For me, it's books. I just cannot get enough. Not only are there new ones that I always want to read, but I want to acquire my own copies. And I never let them go. You never know when you are going to want to reread or consult them again. And so I need more and more bookshelves. But, where is the boundary between legitimate need for books (or whatever we are tempted to accumulate) for ministry and pleasure, and greedy acquisition?
The Lord's Prayer is much more than just a prayer that we say; it is also meant to be a prayer that we live. Cyprian of Carthage, a third century bishop and martyr wrote, "My dear friends, the Lord's Prayer contains many great mysteries of our faith. In these few words there is great spiritual strength, for this summary of divine teaching contains all of our prayers and petitions." In the twentieth century, Pope Benedict XVI observed, "The meaning of the Our Father goes much further than the mere provision of a prayer text. It aims to form our being, to train us in the inner attitude of Jesus." When we pray the Lord's Prayer we enter into the world of Jesus and into the depths of his relationships with God and with others. We begin to view life, God, others and ourselves through his eyes. Praying these words with attention entails a training in vision.
Our readings this week seem to offer a bit of a contradiction. On the one hand the first reading from Genesis seems to say that entertaining guests is a good thing, a spiritual practice. As the Letter to the Hebrews comments referring to this passage: "Do not neglect to show hospitality to strangers, for by doing that some have entertained angels without knowing it" (13:2). As the famous line from St. Benedict's rule reads: "venit hospes, venit Christus" -- "when a guest comes, Christ comes."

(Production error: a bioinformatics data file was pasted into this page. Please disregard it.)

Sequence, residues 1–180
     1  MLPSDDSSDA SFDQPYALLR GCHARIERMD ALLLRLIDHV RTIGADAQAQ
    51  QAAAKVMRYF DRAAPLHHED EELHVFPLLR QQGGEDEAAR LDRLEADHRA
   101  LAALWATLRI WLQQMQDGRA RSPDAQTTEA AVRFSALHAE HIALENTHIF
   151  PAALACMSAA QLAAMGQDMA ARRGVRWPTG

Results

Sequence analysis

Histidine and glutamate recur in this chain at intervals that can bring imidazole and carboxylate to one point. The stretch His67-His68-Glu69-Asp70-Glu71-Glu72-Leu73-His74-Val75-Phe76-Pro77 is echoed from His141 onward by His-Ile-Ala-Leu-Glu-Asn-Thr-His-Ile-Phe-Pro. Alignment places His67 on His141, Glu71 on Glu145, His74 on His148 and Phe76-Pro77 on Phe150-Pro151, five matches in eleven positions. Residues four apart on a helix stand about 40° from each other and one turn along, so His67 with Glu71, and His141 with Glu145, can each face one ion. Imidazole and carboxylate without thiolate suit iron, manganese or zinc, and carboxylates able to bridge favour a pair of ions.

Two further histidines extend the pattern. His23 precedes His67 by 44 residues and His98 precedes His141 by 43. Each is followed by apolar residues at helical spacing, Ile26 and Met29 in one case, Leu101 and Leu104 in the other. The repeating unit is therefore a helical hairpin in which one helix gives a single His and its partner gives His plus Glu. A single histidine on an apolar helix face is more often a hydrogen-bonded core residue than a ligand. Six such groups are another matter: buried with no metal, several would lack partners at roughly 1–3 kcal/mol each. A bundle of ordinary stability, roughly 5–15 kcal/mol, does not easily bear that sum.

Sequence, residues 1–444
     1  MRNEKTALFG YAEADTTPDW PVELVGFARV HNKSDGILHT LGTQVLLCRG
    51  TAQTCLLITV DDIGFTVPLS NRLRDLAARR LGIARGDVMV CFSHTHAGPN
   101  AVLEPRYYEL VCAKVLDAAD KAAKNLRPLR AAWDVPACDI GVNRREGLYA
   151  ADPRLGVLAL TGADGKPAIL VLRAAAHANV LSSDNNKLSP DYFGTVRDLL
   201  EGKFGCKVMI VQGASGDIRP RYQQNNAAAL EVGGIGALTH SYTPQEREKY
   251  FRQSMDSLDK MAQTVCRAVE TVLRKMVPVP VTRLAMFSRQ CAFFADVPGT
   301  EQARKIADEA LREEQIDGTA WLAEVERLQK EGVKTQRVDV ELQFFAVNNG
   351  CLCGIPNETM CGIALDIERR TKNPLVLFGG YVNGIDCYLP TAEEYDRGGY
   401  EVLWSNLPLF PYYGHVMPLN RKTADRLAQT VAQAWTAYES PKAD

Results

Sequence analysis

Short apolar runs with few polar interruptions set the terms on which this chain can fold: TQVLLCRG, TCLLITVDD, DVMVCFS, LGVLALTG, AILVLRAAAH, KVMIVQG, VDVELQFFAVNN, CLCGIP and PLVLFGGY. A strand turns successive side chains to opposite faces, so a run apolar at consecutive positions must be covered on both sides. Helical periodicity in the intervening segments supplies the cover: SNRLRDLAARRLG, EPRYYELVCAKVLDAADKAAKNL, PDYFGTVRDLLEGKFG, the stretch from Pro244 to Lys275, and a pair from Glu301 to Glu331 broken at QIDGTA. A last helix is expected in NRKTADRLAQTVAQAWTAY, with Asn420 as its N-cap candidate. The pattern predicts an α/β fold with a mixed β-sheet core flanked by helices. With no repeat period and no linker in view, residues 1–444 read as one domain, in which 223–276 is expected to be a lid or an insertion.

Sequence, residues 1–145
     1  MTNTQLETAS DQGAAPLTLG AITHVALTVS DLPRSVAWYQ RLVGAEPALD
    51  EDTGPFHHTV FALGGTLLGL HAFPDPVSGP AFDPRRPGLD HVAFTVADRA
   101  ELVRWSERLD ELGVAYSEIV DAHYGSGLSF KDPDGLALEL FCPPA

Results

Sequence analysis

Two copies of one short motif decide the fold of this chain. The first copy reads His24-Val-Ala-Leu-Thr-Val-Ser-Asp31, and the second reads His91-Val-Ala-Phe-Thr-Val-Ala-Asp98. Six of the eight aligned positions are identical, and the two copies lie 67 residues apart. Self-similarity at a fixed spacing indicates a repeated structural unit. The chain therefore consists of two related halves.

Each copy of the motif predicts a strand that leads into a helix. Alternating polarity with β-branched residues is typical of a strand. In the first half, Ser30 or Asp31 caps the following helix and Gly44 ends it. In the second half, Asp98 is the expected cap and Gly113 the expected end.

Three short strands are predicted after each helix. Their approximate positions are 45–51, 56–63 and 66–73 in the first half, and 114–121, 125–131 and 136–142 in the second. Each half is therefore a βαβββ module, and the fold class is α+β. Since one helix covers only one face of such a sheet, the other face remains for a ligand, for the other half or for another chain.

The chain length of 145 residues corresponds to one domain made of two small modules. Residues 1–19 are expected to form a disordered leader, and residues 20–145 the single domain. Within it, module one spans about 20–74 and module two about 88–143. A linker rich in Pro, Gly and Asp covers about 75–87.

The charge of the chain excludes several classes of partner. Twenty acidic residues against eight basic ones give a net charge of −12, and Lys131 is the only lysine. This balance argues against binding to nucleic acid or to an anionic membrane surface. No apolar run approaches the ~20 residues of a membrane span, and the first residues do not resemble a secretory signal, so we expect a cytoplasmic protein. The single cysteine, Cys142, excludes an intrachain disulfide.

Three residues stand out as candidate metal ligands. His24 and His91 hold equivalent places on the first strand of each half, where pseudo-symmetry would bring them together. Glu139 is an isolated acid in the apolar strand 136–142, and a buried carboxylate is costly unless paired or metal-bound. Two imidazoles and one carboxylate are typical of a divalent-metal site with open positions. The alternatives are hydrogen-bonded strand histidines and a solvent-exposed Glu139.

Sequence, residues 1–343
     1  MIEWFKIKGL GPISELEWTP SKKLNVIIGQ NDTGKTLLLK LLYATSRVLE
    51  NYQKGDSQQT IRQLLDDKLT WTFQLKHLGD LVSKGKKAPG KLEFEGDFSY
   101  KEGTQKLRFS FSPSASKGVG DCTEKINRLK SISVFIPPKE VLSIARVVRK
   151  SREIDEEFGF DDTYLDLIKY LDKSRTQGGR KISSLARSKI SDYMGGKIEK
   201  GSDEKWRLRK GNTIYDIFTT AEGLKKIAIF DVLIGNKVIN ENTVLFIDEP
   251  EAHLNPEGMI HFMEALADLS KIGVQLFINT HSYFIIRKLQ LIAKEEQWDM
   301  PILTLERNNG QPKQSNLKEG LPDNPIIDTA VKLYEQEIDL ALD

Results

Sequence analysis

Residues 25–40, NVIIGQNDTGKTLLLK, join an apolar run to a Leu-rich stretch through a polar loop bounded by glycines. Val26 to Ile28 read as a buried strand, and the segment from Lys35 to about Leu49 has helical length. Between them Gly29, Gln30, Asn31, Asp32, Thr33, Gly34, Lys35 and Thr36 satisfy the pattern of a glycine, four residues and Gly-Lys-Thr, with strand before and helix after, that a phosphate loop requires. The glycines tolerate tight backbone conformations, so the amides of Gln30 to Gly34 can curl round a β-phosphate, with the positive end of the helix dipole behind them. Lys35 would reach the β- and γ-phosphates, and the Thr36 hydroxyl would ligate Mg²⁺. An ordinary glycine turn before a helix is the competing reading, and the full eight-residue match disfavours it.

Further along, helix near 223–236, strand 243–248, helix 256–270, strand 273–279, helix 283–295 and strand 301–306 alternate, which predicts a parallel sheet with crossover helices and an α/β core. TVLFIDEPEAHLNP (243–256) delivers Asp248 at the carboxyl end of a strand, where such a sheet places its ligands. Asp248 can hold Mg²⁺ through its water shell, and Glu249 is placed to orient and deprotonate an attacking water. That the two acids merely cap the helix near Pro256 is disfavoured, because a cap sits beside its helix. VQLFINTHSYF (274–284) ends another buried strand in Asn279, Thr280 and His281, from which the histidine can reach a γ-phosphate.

The words of Pope Francis, addressed to Europe, in accepting the Charlemagne Prize, ring true of America as well: "What has happened to you, the Europe of humanism, the champion of human rights, democracy and freedom? ..... What has happened to you, Europe, the mother of peoples and nations, the mother of great men and women who upheld and even sacrificed their lives for the dignity of their brothers and sisters?" In the Pope's mind, another Europe is emerging; and it seems that another America is emerging as well.
In accompanying groups visiting Israel, one of the sites we visit is the Church of Dominus Flevit, that is, "The Lord Wept" on the Mount of Olives. It's a lovely place, looking out on the Golden Gate of the Old City. The Gospel that is recalled there is this: "Jerusalem, Jerusalem, how I longed to gather you as a hen gathers her chicks, but you would not."
On my tenth birthday my father gave me a plaque with a poem on it by Robert Frost, called "The Road Not Taken." You may have heard this poem before; it starts, "Two roads diverged in a yellow wood..." The poet tells of coming across two paths while walking and having to decide which one to take. (It's a poem; the paths are clearly a metaphor.) It's a tough choice: both paths look exactly the same from where the poet is standing, both are equally worn ("the passing their / Had worn them really about the same"), and it is impossible to see where either path leads. At the time, the speaker can discern no reason to choose one path over the other. There are no guides or signposts, no indication that one path is preferable to the other. But the poet does have to choose one of them, which means not choosing the other one. The poems ends famously, "I shall be telling this with a sigh / Somewhere ages and ages hence: / Two roads diverged in a wood, and I-- / I took the one less traveled by, / And that has made all the difference."
As those to be baptized are splashed by or are plunged into water three times, we hear named the God who is Holy Trinity, the Three-in-One. But this naming is not about math. Nor is it about a desiccated doctrine that does not matter in everyday life. Trinity is about the reality of right relationships, not just among the "Persons" of Father, Son, and Spirit, but of God's relationship with us and our relationship with God, each other, and all of God's creation. These relationships are wrapped up in the doctrine of what theologian Catherine Mowry LaCugna called, "The Practical Trinity," [The Christian Century, (June 15-22, 1992): 268-272.] We know this Triune God in our very concrete, practical lives, in our everyday experience of being part of creation that was loved into being and continues to be sustained in that love.